What in particular, are you excited about, you know, that's coming up or that you see on the radar.
Amy Morgan 24:35
So what I'm excited about when it comes to trade compliance stuff. I'm excited that I'm seeing and I'm a part of a narrative change. I'm excited that trade compliance is now working with supply chain folks. I'm excited that the business of international trade is now considered a strategic advantage and has a seat in the boardroom. I'm excited that the trade people are no longer nerds they keep under the stairs, and only bring out when they need to try to engineer something. And I, you know, I was that person. And you know, that's okay. But I'm excited that this whole entire narrative around compliance around trade around global trade in general is changing. And I'm inspired by the new attention, or maybe at least the concentrated attention on environmental and social issues, and how we can in fact, use global trade as a vehicle for good rather than see it as a way to import cheap stuff, and exploit people and our earth and all of that. So these are things that I find incredibly inspiring. And with more use of technology, and using more technology in our planning of our supply chains, and who our suppliers are, I have to believe, Brian, that companies will ultimately embrace this technology, and use it to make better choices. That is why I do this every day, because I have to believe that that will happen.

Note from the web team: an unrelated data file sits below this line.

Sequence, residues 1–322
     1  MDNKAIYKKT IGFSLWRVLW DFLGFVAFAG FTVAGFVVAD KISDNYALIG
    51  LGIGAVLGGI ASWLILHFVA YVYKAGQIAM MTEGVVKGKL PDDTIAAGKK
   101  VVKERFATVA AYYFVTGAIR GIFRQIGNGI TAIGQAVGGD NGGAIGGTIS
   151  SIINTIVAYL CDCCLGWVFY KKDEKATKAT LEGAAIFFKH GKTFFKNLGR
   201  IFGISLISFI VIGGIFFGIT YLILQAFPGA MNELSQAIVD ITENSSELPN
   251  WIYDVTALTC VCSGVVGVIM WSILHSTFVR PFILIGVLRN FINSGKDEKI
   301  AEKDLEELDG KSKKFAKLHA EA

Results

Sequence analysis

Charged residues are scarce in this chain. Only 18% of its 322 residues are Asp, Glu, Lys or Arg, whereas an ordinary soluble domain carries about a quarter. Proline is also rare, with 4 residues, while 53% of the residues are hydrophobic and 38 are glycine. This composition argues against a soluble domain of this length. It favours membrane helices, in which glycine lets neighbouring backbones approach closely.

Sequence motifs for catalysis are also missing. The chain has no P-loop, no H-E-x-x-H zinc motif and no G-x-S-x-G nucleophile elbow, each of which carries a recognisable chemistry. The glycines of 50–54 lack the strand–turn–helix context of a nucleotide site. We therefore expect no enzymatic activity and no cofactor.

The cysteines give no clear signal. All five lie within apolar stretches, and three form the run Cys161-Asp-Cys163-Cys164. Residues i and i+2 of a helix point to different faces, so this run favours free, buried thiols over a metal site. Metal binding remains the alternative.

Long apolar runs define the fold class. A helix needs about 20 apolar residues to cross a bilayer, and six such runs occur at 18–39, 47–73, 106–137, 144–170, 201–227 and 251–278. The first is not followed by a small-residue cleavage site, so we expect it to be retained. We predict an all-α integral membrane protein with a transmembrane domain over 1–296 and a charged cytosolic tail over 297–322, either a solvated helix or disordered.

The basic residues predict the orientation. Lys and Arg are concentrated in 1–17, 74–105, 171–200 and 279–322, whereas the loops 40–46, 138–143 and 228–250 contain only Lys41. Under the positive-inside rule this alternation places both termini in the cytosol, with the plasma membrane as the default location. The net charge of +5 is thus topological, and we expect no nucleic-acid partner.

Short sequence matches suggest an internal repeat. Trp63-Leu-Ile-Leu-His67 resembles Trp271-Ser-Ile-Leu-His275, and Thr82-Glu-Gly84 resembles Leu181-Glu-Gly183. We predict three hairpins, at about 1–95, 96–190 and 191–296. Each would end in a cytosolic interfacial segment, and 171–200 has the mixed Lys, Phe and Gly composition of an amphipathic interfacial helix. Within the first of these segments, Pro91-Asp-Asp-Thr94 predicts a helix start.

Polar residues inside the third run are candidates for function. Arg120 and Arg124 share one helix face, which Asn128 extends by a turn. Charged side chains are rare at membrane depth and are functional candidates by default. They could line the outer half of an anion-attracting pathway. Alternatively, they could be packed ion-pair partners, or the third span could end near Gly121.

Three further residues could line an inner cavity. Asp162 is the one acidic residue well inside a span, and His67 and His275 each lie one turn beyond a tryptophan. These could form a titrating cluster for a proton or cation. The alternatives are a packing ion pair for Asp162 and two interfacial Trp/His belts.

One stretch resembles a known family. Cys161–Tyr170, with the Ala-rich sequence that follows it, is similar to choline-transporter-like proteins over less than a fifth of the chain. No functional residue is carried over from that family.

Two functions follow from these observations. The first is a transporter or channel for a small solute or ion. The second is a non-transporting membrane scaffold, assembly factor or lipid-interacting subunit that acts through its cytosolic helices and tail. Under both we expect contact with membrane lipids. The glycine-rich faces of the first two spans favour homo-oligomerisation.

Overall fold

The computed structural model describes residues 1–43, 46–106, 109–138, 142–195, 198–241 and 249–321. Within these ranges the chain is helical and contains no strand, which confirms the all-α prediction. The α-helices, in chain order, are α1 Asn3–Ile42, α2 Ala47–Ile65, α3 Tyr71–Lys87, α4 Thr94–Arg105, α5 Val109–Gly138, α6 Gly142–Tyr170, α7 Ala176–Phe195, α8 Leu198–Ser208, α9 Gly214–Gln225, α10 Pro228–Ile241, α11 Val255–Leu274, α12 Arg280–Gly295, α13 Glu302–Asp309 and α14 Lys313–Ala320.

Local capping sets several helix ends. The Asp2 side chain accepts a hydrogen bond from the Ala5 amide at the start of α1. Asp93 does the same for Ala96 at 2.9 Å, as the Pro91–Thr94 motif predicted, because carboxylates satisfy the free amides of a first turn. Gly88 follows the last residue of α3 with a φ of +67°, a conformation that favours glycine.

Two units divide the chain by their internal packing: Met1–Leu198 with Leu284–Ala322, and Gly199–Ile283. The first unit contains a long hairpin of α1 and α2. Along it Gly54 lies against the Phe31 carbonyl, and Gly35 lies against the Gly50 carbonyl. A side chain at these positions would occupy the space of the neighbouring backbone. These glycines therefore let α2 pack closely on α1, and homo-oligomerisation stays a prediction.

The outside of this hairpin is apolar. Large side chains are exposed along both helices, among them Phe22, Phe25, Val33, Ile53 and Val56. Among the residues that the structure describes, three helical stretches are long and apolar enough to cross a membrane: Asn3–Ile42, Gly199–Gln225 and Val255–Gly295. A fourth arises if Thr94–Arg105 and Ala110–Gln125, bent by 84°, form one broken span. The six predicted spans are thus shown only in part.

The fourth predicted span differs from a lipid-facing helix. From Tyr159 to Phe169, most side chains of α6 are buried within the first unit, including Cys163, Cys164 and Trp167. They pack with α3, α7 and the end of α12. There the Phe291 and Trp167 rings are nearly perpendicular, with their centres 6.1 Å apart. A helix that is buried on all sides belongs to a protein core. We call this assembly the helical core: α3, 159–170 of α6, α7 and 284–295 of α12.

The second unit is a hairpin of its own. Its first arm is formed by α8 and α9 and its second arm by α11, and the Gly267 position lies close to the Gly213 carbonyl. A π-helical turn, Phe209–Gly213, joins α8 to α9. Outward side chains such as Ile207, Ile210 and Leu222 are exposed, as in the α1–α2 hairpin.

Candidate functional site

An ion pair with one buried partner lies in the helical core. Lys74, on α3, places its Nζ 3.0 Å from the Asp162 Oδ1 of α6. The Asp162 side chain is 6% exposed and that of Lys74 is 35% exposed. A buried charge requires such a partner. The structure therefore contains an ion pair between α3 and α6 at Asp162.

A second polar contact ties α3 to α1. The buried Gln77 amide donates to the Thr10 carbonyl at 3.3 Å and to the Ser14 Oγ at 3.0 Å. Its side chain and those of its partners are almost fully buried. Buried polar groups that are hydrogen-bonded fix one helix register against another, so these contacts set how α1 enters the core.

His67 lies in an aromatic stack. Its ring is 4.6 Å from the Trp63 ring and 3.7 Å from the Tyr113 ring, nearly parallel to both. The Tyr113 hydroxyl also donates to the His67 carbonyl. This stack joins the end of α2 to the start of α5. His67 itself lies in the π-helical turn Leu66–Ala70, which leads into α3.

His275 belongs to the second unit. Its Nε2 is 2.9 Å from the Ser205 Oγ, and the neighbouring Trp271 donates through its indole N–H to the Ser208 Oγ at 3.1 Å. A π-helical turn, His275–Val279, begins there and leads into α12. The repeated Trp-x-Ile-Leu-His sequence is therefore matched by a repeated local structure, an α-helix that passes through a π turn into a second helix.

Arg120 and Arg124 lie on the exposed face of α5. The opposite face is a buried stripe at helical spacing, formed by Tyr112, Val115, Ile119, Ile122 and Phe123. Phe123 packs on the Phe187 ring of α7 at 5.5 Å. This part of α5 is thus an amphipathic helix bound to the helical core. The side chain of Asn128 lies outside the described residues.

Brian Glick 26:04